‘Anything You Post Can And Will Be Used Against You In A Court of Law’, And Other Social Media Legal Tips

May 18, 2022 | Article by Chain | Cohn | Clark staff | Tips & Information , Video

‘Anything You Post Can And Will Be Used Against You In A Court of Law’, And Other Social Media Legal Tips

We should all know by now we should be careful about what we post on social media. Of course, when looking at our own social media feeds from friends and acquantainances, it may seem that some people haven’t quite gotten that message.

But in accident and injury cases, in particular, social media should be used even more carefully. That’s because anything posted on social media can be used against you in civil lawsuit, even posts you may have thought were harmless or private.

As part of the “Chats with Chain | Cohn | Clark” educational grant program — a grant and educational video program for Kern County students — a local junior high school student asked accident and injury attorney Matt Clark this question: Can social media be used against someone in a court case? The two discussed how social media can be used against someone in court, social media and personal injury cases, different ways lawyers can access social media posts and photos, and “deepfakes”. You can watch that video by clicking here, or you can read more about the issue below.

In short, defense lawyers may scour Instagram, Facebook, Twitter and other platforms for evidence to undermine an injured victim’s claim for damages. You may ask: “Why is social posting risky if a claim is valid?” That’s because normal social activity might undermine a valid claim. Here are a few areas of social media and lawsuits to watch out for:

Adjustors can use your social media posts against you: Posts can be used as evidence against your insurance claim and could even be submitted to the court as evidence. Photos of events or nights out with friends could be used against you. It’s a good idea to keep an eye on privacy settings and posts that you’re tagged in since those could be up for grabs as well. Your friends posted a photo of everyone dancing on a night out? That could be misconstrued as proof of health.

Messages aren’t always private: There is no guarantee whatsoever that messages you think are private will remain private, as recent communications are often requested during lawsuits. Even seemingly harmless messages can be brought up in a completely different light in court. Unless your communications are between you and your lawyer or your doctor, private messages are likely to not be protected by privacy laws in the United States.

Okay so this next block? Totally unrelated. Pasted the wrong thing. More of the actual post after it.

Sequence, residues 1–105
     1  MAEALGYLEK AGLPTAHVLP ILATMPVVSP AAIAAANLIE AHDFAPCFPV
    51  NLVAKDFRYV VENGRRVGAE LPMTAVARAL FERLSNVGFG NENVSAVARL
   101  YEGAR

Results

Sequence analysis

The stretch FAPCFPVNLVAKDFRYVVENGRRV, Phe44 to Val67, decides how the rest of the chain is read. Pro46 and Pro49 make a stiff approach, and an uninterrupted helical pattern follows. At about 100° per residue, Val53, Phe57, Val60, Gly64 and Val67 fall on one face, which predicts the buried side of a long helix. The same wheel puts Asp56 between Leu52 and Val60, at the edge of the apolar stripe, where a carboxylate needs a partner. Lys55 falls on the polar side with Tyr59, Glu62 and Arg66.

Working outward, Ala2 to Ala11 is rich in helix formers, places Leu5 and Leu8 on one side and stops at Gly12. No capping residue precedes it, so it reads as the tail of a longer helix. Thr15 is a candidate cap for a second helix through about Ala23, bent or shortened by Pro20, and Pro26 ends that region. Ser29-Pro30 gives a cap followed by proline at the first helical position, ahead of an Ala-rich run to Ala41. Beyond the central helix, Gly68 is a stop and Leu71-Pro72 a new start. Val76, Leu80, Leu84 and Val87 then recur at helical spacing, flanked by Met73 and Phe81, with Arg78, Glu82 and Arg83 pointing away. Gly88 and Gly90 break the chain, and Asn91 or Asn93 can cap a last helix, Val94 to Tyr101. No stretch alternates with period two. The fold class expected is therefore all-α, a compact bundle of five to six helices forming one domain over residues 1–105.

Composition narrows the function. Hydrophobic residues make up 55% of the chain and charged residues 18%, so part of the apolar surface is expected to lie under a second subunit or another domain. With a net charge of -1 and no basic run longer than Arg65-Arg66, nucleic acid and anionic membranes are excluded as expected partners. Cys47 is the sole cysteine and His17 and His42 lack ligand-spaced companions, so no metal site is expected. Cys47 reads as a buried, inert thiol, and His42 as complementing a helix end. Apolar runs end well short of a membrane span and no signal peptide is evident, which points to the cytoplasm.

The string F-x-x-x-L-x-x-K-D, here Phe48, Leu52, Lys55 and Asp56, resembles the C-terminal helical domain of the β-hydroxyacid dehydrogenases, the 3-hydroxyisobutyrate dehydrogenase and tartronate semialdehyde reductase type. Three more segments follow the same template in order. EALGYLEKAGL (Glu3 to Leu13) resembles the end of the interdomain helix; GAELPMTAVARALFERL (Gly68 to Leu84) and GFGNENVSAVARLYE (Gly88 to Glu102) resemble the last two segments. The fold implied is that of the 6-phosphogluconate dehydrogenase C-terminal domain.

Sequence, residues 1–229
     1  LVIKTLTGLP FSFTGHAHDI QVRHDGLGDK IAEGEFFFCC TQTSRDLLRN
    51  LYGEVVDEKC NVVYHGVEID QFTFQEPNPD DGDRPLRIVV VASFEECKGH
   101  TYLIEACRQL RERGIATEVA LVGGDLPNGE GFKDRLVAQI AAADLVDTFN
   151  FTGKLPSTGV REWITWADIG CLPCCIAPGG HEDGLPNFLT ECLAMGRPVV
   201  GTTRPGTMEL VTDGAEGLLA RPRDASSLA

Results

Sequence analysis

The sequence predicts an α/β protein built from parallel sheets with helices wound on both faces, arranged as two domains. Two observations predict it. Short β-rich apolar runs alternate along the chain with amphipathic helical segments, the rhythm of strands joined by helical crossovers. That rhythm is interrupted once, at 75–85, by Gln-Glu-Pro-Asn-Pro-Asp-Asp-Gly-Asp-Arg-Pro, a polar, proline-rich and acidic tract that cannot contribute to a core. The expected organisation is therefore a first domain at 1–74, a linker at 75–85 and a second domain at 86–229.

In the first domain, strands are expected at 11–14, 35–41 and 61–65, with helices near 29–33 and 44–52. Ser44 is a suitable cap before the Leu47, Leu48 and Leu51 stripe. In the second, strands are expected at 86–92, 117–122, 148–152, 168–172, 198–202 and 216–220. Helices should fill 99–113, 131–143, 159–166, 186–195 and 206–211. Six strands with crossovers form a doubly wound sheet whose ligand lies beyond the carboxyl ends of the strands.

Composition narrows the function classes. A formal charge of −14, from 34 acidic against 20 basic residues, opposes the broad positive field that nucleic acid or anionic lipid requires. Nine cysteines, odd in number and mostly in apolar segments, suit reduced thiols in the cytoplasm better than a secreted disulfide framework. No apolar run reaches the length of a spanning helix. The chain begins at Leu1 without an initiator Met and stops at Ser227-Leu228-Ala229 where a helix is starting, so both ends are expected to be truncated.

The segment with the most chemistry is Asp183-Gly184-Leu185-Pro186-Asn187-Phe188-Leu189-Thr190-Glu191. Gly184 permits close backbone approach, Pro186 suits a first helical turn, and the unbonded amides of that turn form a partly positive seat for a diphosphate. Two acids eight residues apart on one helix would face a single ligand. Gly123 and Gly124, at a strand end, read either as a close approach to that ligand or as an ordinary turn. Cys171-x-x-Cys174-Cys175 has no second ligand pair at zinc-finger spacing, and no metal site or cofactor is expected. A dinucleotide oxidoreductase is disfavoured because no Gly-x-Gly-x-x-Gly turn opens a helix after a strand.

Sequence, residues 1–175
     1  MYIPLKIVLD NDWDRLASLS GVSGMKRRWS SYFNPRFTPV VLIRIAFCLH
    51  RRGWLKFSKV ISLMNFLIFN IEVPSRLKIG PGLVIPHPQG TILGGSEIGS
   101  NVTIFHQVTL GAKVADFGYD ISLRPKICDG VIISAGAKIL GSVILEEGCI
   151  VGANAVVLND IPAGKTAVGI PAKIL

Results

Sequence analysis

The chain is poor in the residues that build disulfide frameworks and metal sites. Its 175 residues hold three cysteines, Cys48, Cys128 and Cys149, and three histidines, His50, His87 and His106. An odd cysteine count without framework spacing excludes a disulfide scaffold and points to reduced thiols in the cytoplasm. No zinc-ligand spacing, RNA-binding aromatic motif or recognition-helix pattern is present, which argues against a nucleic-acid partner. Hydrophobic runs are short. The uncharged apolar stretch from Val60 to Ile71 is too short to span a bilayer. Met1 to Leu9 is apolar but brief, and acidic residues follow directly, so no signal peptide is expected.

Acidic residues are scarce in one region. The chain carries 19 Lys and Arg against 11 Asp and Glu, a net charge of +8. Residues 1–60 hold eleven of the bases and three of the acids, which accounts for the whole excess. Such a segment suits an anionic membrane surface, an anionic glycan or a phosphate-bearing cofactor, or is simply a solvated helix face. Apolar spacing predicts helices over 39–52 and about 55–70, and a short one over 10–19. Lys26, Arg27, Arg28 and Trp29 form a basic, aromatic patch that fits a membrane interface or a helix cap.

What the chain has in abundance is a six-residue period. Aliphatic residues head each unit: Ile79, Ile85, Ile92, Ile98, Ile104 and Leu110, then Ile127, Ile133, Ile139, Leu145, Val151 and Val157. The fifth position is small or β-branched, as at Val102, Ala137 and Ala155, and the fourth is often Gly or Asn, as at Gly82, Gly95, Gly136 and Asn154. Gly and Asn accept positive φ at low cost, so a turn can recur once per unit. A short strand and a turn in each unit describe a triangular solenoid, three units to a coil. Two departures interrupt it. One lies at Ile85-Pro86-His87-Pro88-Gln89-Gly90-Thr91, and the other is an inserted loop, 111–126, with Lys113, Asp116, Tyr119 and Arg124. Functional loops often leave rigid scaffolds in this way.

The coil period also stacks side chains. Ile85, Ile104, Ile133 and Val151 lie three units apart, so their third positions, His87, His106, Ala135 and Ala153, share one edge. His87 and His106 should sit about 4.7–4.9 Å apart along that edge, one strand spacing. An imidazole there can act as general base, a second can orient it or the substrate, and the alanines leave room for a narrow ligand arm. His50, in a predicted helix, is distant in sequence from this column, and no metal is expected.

Deleted posts: Do not delete evidence from your social media during your lawsuit. Although your first instinct may be to raid your social accounts for anything that can be used against you, try to avoid the temptation. If in doubt, ask your lawyer or legal counsel regarding what can be deleted. In some cases, embarrassing photos can be taken down for more public cases. Use extreme caution when doing so however, and get advice from your lawyer beforehand. In some cases (depending on your state’s laws), old content can be taken down as long as it’s preserved in the correct way. Note that incorrectly deleting incriminating content from your social media accounts can be considered an attempt to destroy/delete evidence.

Family or friends posts: As we mentioned earlier, even photos that you were tagged in could be used against you in court. Always consult your lawyer because they may recommend letting your family know not to tag you or post photos of you during your case.

Here are some more basic Do’s and Don’ts for social media use during a personal injury claim:

  • The safest approach is to avoid using social media altogether.
  • If you feel you must use social media to communicate with close family and friends, configure your account as private so only friends can access it.
  • Never post anything about your personal injury claim or its progress.
  • Avoid adding anyone you don’t know as a friend (this could be someone hunting for evidence to refute your claim).
  • Usually it’s best not to delete posts (or a whole account) in case it appears that you’re trying to destroy evidence.

If you’re concerned about the content of existing posts, it’s best to get advice from your attorney.


If you or someone you know is injured in an accident at the fault of someone else, or injured on the job no matter whose fault it is, contact the attorneys at Chain | Cohn | Clark by calling (661) 323-4000, or chat with our Bakersfield lawyers.